Time was, not so very long ago, when a few of us raised in Greensboro the 1950s and 60s thought we might make it in show biz. We thought, incorrectly, that we could break in to the folk music business. We thought, naively, that some hard work and good luck would put us on the same stages with Lester Flatt and Earl Scruggs, with Bob and Nick and Dave in the Kingston Trio, with the Limelighters and the New Christy Minstrels and Arthur Smith and the Crackerjacks over in Charlotte.
Of course, we also thought we might be astronauts, neurosurgeons or at least a starting pitcher, maybe a long reliever for the Dodgers or the Orioles.
Funny how your dreams amount to one thing, and life gives you something else.
But we were children of the New Frontier, and anything was possible in those days. We had three or four sets of striped button-down collar shirts, and more instruments than we could play. There was a 6-string and 12-string guitar, a mandolin and a borrowed banjo-mandolin, a four-string and a five-string banjo, a tin doghouse bass painted to look like metal, even a cut-down Roy Rogers guitar that we hoped would look like that little Gibson (or was it a Martin?) tenor guitar Nick Reynolds played, but it didn't. There was also a zither and a dulcimer we didn't quite know what to do with, and a steel guitar that rang like the bell up at Irving Park Elementary the last day of school.
It started in 1961 or '62 in the cafeteria at Page High School in Greensboro, when Fred Birdsong was recruiting guys who could play or sing or, in my case, neither but at least had a banjo. Over the next 40 years or so the Villagers played the Carolina League of small stages -- Greensboro and Winston-Salem and Burlington and Danville Va, and on to Meadows of Dan, Va and Helen, Ga. and fine nights in Charlotte, Turnersville NC, Cane Creek Valley south of Asheville and about any place they would let us in the door and even close to a mike.
Here's how it looked on a good night in 2005 up in Buncombe County:
That's Woody Allen in the middle, and Jimmy Garrison on the right. We played fund-raisers and fund-losers and birthday parties and high school reunions and a big July 4 celebration in the Gate City of the South. I think we played for Chuck Crews' 60th birthday party, and center stage at a nigh-deserted lunchtime concert in downtown Greensboro one fall day, and a barbecue for the cast of Prairie Home Companion outside the new Performing Arts Center in Durham. Yep, Garrison Keillor heard us; nope, he didn't ask us on the big show. We played a Christmas bash at Fisher's Grille in Greensboro, raising money for children's toys, that would have been better only if we didn't have to settle our own bar bill at the end of the evening. Remember that scene from the Blues Brothers?
We lost some good boys along the way. Dave Safford moved out west. Fred died returning from a prison ministry meeting, when some drunk driver ran into him in Alabama. "Squirrel" Garrison, maybe the most avid Alabama fan in our part of the world, beat four or five kinds of cancer for just over five years before he went to meet his Maker and demonstrate some heavenly Piedmont Travis picking with metal fingerpicks and new strings forever.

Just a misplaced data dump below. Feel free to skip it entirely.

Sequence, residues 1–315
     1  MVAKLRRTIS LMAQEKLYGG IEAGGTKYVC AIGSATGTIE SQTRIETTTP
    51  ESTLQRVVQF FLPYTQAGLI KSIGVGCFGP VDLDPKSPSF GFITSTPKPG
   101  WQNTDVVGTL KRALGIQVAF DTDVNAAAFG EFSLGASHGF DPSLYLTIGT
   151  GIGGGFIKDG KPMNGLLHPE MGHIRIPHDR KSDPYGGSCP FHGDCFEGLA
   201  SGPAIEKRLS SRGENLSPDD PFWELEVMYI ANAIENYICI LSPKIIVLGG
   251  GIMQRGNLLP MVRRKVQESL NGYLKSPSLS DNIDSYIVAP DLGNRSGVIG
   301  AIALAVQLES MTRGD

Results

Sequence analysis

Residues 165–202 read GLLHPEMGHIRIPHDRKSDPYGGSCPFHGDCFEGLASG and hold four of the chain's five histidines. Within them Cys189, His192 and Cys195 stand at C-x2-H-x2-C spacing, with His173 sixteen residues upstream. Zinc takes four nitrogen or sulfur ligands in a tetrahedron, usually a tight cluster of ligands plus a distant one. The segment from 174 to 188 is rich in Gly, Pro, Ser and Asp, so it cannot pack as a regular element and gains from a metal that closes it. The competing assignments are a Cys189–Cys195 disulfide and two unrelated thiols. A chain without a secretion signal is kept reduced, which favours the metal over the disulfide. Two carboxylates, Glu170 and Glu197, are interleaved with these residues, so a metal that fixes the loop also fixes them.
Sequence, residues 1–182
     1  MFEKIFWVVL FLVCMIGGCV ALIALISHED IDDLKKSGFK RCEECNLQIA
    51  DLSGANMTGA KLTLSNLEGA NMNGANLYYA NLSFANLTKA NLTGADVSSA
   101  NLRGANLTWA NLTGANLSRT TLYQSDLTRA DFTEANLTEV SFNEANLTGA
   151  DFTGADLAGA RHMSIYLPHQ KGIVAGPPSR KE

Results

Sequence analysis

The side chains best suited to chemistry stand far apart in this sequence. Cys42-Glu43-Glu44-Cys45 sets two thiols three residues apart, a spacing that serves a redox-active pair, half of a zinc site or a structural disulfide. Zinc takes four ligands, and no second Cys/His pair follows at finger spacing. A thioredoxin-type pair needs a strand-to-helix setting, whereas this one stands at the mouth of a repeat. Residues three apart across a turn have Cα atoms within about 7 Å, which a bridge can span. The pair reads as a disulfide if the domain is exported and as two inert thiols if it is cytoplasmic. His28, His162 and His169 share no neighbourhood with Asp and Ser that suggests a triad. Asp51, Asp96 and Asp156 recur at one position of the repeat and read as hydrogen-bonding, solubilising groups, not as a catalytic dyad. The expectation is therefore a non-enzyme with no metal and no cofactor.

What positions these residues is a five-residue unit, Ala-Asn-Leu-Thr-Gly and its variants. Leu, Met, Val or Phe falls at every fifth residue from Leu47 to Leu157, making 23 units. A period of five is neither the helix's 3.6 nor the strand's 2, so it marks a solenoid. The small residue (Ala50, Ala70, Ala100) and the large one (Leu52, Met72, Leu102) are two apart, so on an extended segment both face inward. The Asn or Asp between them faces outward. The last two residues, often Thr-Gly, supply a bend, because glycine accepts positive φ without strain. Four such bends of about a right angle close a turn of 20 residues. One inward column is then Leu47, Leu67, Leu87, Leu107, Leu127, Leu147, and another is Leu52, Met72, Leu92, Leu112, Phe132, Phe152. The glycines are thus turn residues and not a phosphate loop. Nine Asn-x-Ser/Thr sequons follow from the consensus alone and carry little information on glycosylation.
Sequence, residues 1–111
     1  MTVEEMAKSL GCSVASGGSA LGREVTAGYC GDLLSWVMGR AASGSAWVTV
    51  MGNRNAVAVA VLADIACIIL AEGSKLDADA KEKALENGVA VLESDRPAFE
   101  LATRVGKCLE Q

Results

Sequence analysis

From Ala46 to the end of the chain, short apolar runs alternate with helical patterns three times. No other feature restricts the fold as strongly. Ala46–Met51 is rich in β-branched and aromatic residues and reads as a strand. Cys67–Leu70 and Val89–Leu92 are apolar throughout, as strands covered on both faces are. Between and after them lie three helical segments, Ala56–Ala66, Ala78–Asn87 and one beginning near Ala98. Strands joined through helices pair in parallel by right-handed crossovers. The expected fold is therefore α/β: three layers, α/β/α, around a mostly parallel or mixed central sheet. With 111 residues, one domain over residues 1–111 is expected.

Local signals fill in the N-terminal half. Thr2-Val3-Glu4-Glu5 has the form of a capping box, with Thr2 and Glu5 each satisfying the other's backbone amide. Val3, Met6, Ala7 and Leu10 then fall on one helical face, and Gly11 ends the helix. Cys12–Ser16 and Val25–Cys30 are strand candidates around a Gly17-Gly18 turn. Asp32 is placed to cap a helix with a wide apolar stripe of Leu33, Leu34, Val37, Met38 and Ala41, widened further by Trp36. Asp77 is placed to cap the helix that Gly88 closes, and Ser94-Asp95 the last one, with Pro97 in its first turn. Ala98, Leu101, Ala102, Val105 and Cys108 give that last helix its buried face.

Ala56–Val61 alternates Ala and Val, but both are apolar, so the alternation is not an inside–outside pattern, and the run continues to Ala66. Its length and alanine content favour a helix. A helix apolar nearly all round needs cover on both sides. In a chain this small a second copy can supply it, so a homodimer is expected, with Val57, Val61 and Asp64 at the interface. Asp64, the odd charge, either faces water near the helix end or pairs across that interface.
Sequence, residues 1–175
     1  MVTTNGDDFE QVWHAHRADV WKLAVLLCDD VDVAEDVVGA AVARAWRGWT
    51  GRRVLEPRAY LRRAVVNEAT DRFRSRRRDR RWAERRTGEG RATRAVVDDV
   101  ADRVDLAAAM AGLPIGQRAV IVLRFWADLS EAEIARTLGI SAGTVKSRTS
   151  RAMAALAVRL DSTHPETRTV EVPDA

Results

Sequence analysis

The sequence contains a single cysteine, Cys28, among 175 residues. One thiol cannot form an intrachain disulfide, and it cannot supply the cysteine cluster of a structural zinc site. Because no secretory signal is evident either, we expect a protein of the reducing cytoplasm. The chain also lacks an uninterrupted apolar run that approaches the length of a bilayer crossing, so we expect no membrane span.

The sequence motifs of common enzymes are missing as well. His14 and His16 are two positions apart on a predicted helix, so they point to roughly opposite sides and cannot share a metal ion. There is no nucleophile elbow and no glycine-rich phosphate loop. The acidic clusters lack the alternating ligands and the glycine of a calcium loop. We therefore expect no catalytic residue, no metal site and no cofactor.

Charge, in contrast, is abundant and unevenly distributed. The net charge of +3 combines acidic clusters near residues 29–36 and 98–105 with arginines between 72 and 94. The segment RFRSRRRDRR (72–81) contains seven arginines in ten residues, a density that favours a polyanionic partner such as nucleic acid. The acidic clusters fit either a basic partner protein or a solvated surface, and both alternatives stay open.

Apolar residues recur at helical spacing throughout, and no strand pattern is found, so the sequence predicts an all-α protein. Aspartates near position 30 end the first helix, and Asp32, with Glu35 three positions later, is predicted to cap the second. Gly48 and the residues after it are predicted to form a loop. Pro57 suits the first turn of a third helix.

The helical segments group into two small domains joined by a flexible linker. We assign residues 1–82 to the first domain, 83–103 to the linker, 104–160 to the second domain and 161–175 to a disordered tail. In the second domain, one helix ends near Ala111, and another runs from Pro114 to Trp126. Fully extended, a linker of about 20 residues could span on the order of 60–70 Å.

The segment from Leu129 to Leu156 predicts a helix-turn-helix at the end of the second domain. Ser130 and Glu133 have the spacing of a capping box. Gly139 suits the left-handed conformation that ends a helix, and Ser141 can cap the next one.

Woodard Ross Allen, the original Woody Allen before that other fellow hit the headlines, still sings like an angel and picks like the devil on fire. Fred could play any instrument. Squirrel could pick and harmonize at the same time and chew gum and holler Roll Tide at the same moment. Me, I thumped away at a bass fiddle, most of the time on an old 1946 Kay school bass that burned up two years ago in a house fire. I've gotten a newer and much prettier bass fiddle now, but it doesn't sound half as good as that old Kay. Maybe that was because we both were born the same year and one of us had mellowed enough to have a good deep, round sound.
Back in the days when I was trying to learn to play the banjo, Earl Scruggs was the man I tried to figure out. I tried never to miss the Lester Flatt and Earl Scruggs TV show, back when they were still speaking to one another and playing as the Foggy Mountain Boys. I was a two-finger picker, and not that good with two. Earl picked with two fingers plus the thumb plus, it often seemed to me, some other fingers as well, if only you could see 'em. It looked like a blur to me on our snowy old TV screen as he raced through things like Foggy Mountain Breakdown. I don't know how many banjo strings I broke trying to do that funky thing where he loosened and tightened a string in the middle of a riff, giving the sound a dip and a rise back to where it ought to be. Amazing. To this day I'm not sure if he invented that style of picking, but he surely perfected it. As Greensboro editor Irwin Smallwood might have said, he may not have created it, but he owned the Southern distributorship for picking Scruggs-style.
When he died the other day (March 28) in Nashville at age 88, I thought about how many good players have come out of the places like Shelby, N.C., including song writer Don Gibson. Something in the water there, or maybe the soil, that produces people who can make musical magic. I long ago realized how rare that is, and collected their albums and then their cassettes and then their CDs and now hold 'em on my iPod, and sometimes jack up the sound until the light bulbs tremble.
I don't know if Earl Scruggs was an Alabama fan atall, but I fancy that he and Squirrel Garrison and Fred Birdsong, an Auburn fan, might have had the chance to work that out by now, and maybe sit in a corner somewhere to pick a few tunes while they get up a new band over on the other side.